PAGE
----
What is healing prayer?
Healing prayer is an opportunity to share in physical, embodied prayer. It is a prayer for your physical needs, and well - being. It also involves the prayerful, reassuring presence and attention of trained members of your St. Paul’s community.
This prayer will be part of our worship at the 8:45am and 10:45am services on November 27, December 4, December 11, and December 18. Before or after receiving Communion, you are invited to go to one of the two prayer stations on either side of the altar for laying on hands and prayers for healing. You may ask for a prayer for yourself, someone you care for, or a general prayer. You may stand or sit for prayer. While you are being prayed for by a member of the prayer team, their prayer partner, a second member of the prayer team, will also be praying for you. You will be asked if you wish to be anointed with oil and if you would like a hand placed on your shoulder. Our clergy or trained lay healing prayer ministers will keep all prayer requests in private confidence, and not follow up with the person receiving prayer.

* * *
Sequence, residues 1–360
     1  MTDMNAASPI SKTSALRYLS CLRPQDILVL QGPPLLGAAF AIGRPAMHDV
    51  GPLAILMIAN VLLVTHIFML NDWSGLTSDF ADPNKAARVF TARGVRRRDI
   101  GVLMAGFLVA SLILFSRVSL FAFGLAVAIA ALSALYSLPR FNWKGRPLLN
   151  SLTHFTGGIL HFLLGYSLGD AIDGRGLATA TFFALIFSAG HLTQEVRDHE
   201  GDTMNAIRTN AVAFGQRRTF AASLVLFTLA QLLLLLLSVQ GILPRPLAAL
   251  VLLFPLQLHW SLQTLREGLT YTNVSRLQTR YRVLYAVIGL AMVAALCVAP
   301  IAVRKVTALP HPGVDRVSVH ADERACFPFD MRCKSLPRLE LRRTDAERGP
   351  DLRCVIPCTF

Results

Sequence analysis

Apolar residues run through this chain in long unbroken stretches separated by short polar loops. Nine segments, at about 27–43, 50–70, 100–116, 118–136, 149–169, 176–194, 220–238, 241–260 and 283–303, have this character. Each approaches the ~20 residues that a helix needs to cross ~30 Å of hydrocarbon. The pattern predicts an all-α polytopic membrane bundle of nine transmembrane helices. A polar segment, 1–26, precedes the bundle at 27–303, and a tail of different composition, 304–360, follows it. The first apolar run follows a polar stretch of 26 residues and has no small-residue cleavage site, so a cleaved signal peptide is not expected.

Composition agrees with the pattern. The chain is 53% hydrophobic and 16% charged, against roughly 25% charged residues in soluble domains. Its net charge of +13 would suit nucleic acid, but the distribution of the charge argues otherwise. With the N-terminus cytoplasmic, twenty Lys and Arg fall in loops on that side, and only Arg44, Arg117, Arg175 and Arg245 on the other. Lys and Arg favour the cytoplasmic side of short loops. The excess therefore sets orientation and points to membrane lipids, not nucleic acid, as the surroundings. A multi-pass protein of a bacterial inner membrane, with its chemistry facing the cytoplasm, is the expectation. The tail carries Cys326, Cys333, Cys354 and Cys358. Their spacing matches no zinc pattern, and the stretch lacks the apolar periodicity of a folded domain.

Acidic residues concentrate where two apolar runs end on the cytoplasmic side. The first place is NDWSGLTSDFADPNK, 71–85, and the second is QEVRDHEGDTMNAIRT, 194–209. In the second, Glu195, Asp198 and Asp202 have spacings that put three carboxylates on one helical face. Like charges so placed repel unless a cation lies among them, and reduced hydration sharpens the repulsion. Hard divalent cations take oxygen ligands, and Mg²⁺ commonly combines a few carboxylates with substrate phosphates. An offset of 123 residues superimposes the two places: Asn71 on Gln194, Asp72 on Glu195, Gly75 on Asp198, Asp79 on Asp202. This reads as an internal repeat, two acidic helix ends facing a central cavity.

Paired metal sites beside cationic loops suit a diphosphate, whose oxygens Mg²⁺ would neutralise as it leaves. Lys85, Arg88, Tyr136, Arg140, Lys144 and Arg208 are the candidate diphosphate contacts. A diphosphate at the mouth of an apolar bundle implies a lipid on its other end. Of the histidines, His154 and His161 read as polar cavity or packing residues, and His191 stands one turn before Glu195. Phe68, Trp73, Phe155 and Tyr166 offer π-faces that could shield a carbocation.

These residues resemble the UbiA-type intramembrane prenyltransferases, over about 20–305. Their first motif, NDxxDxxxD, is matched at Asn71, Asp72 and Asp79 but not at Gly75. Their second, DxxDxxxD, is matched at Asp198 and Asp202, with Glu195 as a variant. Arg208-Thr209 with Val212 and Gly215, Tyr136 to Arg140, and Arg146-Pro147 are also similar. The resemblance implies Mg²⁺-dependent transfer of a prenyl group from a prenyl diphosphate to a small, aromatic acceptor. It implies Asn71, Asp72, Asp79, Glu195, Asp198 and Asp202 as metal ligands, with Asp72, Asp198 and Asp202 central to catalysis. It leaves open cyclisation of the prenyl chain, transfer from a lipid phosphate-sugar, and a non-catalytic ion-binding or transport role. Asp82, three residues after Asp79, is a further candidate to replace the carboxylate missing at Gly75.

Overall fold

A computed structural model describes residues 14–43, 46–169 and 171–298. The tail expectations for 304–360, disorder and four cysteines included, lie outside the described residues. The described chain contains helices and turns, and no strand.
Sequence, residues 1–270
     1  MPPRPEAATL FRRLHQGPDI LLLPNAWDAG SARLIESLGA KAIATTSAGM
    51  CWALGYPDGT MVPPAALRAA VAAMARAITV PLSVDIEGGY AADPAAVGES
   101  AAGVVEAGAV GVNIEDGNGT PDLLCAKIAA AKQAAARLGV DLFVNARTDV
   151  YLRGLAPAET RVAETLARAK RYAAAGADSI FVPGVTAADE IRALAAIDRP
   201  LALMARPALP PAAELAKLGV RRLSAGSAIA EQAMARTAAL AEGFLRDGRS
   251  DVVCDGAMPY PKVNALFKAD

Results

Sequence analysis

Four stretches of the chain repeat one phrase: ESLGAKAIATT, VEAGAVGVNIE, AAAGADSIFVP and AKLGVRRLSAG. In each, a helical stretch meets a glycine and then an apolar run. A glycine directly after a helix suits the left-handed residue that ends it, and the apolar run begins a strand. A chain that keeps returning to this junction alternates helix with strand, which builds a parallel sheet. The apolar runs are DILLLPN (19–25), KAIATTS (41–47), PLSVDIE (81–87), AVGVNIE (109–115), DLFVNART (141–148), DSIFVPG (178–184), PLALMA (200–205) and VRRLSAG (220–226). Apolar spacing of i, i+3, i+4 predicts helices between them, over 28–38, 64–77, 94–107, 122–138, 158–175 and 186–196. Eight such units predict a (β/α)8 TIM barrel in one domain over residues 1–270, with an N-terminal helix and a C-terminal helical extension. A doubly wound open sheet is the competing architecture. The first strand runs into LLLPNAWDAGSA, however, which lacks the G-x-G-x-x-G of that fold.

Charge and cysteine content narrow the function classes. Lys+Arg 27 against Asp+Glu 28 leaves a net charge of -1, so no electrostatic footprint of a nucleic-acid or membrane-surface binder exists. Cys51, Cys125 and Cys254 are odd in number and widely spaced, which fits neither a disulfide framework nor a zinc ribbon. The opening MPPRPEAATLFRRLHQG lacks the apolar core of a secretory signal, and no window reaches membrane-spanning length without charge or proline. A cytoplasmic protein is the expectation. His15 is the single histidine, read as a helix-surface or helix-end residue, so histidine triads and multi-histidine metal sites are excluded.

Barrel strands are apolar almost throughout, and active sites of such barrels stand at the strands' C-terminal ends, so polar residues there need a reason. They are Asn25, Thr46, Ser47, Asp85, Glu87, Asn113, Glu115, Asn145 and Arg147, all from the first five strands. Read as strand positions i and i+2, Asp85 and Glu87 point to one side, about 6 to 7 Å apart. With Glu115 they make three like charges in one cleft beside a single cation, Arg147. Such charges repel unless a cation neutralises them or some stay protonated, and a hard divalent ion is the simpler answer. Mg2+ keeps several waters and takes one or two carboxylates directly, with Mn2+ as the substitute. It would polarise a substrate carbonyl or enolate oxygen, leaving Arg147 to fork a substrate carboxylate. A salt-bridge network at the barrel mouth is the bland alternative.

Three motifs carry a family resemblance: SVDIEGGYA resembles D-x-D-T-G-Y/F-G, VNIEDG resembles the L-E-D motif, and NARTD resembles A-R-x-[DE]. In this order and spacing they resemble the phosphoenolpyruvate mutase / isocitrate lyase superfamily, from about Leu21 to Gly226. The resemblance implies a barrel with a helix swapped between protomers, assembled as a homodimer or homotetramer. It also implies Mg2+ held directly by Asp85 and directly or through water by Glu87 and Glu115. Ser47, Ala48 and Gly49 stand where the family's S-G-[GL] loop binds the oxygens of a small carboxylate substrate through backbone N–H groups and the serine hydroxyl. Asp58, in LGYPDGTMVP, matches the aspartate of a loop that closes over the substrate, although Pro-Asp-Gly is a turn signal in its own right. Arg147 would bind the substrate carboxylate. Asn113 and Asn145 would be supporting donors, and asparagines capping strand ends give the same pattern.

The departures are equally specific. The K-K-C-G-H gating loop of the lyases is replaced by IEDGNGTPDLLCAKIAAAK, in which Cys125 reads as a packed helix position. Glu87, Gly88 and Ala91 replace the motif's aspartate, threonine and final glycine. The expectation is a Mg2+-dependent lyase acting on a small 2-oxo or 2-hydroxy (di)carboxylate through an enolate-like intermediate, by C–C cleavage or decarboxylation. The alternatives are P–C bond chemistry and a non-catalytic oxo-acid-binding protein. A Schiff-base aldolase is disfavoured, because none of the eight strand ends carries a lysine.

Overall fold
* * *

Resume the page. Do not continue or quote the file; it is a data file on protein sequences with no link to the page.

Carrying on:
We practice healing prayer because we know that physical healing was a very large part of Jesus’s earthly ministry. And we know that Jesus also sent out his followers to heal the people they met who were struggling with injury and illness, too. We know that God cares deeply about the physical world, and our physical existence. In the Incarnation, God even became an embodied human being. So, this Advent season, we look forward to honoring God’s love for us and our world through healing prayer.
Please note that this is named healing, and not curing, prayer. We know that God is our cure-giver, and that we, as human beings, are givers of care. A chaplain, the Rev. Frederick Recklau, expressed the distinction between the idea of being cured, and healed, in a poem, part of which reads:
Cure separates the body from the soul; Healing embraces the soul.
Cure tends to isolate; Healing tends to incorporate.
Cure combats illness; Healing fosters wellness.
Cure fosters function; Healing fosters purpose.
Because our prayer team will not be following up with you, they may ask you if you would like to have a name added to the St. Paul’s prayer list, or if you would like to follow up with a member of the clergy. If you would like this, you can get a Prayer Request Card from them, or from inside your pew, and place it in any of the offering baskets. And, if you ever want to talk about healing prayer, or any pastoral concerns you might have, please talk to any member of the St. Paul’s clergy. Know that we are always glad to be able to pray for you!